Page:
emeritus at the University of Nebraska-Lincoln. ◆
Joseph Reeves “Pitt” Hyde III (’ 65 AB) of Memphis,
Tenn., has teamed up with Mitch Steiner, the surgeon
who successfully treated Hyde’s prostate cancer, to
form GTx Inc. The biomedical company is enrolling
patients in the final phase of study for an experimental medicine, Ostarine, designed to increase muscle
mass and fitness in cancer patients. The company’s
other drug candidate is Capesaris, a hormone therapy for prostate tumors. Hyde, founder of AutoZone,
has devoted a large part of his fortune to the search
for a cure for prostate cancer.
Thomas Hamilton Broyhill II (’ 65, ’ 66 AB), 70, of
Lenoir; Aug. 20, 2011. Broyhill was a vice president
of Broyhill Furniture Industries. He was on the board
of directors of the hospital, the board of trustees of
Lees-McRae College and the Piedmont Council of
Boy Scouts. He was a tutor for GED classes. He was
a past president of the Caldwell County Carolina Club.
At UNC, he belonged to Alpha Tau Omega, Gorgon’s
Head Lodge and Order of the Beanbirds. ◆ William
Robert Bullard III (’ 65), 67, of Wagram; Aug. 17,
2011. Bullard owned and operated a secondhand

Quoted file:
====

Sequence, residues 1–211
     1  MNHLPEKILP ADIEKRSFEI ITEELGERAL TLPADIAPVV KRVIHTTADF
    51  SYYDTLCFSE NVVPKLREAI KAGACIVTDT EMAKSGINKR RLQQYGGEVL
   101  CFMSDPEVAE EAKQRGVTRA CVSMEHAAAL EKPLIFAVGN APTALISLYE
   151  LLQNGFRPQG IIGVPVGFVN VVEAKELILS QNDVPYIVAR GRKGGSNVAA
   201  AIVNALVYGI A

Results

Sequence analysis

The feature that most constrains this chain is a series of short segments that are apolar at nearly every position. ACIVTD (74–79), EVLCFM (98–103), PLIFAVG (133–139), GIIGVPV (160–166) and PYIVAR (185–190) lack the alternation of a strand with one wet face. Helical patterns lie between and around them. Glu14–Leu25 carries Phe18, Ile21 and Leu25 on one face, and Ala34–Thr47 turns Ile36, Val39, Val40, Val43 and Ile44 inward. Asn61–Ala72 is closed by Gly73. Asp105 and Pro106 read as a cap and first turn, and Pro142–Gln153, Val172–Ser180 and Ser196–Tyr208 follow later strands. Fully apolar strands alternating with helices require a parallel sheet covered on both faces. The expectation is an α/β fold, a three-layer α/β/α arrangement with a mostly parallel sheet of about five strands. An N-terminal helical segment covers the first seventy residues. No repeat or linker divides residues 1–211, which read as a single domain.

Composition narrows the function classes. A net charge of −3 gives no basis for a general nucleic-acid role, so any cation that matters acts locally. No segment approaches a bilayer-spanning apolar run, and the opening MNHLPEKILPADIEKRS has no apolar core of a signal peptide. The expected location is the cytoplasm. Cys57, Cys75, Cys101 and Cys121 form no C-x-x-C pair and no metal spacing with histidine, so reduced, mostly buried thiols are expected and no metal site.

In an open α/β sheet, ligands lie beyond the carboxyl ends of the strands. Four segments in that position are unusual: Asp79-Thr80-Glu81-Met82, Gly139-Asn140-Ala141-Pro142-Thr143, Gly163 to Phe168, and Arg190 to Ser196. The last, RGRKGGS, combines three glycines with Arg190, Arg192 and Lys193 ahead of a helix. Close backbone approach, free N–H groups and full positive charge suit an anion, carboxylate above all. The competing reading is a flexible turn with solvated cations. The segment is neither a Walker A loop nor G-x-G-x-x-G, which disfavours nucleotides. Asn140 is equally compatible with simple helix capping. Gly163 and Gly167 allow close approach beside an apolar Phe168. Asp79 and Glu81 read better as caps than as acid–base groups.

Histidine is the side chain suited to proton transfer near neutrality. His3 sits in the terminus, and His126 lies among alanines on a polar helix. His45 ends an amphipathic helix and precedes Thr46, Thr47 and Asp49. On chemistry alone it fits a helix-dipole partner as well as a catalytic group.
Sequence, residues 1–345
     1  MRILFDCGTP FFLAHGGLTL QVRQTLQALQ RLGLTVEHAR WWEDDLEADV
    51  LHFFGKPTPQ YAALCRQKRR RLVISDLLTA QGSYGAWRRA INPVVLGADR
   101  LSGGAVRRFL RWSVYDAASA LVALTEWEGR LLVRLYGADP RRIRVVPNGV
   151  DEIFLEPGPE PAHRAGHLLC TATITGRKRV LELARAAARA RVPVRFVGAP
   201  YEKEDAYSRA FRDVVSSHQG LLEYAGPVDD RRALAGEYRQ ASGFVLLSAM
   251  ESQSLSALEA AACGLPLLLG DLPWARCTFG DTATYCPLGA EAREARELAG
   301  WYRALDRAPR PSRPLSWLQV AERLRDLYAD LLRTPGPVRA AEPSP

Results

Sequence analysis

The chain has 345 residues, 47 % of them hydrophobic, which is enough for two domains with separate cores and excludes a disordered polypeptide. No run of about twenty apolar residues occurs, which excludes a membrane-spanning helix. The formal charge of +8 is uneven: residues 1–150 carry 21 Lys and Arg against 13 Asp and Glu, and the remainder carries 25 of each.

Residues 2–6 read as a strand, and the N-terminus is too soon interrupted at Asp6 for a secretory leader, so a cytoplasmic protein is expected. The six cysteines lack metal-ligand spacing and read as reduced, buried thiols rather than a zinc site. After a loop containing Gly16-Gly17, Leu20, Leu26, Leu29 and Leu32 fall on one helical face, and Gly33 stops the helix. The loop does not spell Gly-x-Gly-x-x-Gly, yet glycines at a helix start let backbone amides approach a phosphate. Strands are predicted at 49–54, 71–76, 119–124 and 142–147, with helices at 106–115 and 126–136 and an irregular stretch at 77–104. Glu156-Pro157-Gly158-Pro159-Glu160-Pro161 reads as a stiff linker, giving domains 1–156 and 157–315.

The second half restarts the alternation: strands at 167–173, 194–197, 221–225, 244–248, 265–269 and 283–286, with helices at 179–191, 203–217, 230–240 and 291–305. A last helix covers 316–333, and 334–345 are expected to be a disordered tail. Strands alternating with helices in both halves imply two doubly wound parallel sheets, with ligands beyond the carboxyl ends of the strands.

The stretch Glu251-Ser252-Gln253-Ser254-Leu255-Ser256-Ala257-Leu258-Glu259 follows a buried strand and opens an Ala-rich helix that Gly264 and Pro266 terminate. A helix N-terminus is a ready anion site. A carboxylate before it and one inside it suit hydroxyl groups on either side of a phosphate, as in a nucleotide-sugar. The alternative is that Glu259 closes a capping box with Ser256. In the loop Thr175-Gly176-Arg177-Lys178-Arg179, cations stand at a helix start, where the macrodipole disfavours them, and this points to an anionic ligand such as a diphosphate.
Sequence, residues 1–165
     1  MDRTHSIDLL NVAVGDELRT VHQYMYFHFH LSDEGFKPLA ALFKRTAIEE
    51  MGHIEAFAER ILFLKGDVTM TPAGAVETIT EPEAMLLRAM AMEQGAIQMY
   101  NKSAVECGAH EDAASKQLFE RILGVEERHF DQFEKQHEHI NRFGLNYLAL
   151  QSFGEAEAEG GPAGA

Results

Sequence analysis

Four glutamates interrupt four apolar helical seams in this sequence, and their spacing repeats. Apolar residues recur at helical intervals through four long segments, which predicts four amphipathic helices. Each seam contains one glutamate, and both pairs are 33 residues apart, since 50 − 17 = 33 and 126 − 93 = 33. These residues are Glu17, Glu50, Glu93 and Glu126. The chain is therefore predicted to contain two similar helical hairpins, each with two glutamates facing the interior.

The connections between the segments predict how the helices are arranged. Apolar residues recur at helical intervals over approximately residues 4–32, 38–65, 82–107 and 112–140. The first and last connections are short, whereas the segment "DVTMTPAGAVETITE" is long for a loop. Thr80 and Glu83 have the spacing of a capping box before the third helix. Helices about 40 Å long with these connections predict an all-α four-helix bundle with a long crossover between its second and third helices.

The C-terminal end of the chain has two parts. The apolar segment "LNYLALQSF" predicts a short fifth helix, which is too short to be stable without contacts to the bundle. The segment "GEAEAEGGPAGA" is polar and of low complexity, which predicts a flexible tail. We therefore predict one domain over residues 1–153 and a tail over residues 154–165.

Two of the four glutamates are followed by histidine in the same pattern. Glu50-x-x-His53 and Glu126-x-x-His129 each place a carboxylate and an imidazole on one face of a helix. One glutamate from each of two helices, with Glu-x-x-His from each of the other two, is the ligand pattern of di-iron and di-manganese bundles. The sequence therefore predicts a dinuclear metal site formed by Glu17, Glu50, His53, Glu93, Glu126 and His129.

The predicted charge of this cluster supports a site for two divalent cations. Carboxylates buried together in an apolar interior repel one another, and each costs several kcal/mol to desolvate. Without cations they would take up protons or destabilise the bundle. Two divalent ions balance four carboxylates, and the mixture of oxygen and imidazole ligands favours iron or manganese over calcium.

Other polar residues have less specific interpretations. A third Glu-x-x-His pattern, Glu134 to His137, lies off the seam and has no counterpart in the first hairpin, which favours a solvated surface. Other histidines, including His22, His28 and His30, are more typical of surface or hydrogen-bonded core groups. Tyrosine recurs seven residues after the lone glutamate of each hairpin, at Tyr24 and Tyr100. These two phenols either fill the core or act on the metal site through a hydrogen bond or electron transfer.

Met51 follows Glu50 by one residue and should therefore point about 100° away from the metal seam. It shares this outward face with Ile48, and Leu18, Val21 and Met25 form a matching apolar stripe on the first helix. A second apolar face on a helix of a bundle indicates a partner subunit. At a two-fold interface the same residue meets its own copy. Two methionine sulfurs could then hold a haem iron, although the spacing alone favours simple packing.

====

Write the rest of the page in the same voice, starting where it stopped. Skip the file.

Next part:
book store in Laurinburg. At UNC, he belonged to
’ 66 James W. Coghill (’ 66 ABJO) of Clem- mons, a retired educator and athletic trainer in the Winston-Salem/Forsyth
County schools for 44 years, has been honored with
the dedication of a training room in his name at
West Forsyth High School, where he substitutes
and works with athletics. ◆ Carol Gallant (’ 66
ABJO) of Harpers Ferry, W.Va., has written a play,
Card Shuffle, which won a first-place Golden Curtain
Award. The play was produced at the New Voices
Festival, sponsored by the Old Opera House in
Charles Town, W.Va. Card Shuffle, set in a small
country pharmacy, tells the story of an encounter
between an eccentric old woman, a pharmacist and
a pregnant girl. ◆ Roy Thomas Matthews (’ 66 PhD)
of Washington, D.C., has published Gittin’ Through: A
Southern Town During World War II, a novel that
shows how three generations coped with the con-
flict. Matthews retired from Michigan State Univer-
sity as professor emeritus. ◆ Robert Marion Ward